Quantitative evaluation of multiplicity in epidemiology and public health research

Kenneth J. Ottenbacher

    Research output: Contribution to journalArticlepeer-review

    71 Scopus citations


    Epidemiologic and public health researchers frequently include several dependent variables, repeated assessments, or subgroup analyses in their investigations. These factors result in multiple tests of statistical significance and may produce type 1 experimental errors. This study examined the type 1 error rate in a sample of public health and epidemiologic research. A total of 173 articles chosen at random from 1996 issues of the American Journal of Public Health and the American Journal of Epidemiology were examined to determine the incidence of type 1 errors. Three different methods of computing type 1 error rates were used: experiment-wise error rate, error rate per experiment, and percent error rate. The results indicate a type 1 error rate substantially higher than the traditionally assumed level of 5% (p < 0.05). No practical or statistically significant difference was found between type 1 error rates across the two journals. Methods to determine and correct type 1 errors should be reported in epidemiologic and public health research investigations that include multiple statistical tests.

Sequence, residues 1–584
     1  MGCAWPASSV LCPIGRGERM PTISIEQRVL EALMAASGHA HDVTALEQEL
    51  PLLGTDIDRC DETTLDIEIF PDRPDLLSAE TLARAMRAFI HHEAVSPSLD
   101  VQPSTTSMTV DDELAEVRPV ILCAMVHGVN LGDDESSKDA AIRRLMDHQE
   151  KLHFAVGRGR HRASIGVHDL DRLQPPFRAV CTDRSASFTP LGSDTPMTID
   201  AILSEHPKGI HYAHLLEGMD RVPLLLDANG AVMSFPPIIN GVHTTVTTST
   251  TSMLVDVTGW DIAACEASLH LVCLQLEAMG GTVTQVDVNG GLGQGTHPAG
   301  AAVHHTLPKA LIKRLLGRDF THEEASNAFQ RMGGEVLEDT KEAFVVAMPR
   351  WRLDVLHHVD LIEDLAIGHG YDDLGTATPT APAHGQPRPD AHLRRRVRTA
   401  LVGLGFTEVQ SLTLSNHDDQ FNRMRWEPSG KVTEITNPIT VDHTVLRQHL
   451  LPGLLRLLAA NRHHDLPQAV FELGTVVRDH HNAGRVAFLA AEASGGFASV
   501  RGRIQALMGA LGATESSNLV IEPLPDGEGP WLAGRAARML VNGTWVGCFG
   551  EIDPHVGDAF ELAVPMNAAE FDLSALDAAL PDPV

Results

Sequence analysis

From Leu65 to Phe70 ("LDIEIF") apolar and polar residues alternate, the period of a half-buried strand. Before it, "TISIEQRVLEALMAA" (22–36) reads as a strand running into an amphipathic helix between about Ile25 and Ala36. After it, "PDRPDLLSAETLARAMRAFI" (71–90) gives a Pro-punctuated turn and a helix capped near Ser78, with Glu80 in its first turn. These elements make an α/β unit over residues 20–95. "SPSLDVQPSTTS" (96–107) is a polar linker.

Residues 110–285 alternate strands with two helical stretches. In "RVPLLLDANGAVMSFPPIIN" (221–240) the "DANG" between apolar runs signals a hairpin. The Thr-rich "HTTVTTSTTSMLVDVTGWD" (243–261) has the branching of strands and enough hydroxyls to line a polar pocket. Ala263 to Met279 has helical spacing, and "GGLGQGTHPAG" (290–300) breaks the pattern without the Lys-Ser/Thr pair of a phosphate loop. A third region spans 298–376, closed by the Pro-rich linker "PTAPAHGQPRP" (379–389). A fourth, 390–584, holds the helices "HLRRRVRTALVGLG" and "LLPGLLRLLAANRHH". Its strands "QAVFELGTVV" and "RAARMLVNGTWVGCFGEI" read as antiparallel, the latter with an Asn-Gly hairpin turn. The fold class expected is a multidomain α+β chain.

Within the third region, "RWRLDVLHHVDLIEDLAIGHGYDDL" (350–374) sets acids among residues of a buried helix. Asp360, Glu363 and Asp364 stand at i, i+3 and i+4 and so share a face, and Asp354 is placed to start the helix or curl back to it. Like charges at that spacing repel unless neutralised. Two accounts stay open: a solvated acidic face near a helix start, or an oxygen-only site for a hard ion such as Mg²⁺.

Original languageEnglish (US)
    Pages (from-to)615-619
    Number of pages5
    JournalAmerican journal of epidemiology
    Issue number7
    StatePublished - Apr 1 1998


    • Bias (epidemiology)
    • Probability
    • Research design
    • Significance tests

    ASJC Scopus subject areas

    • Epidemiology


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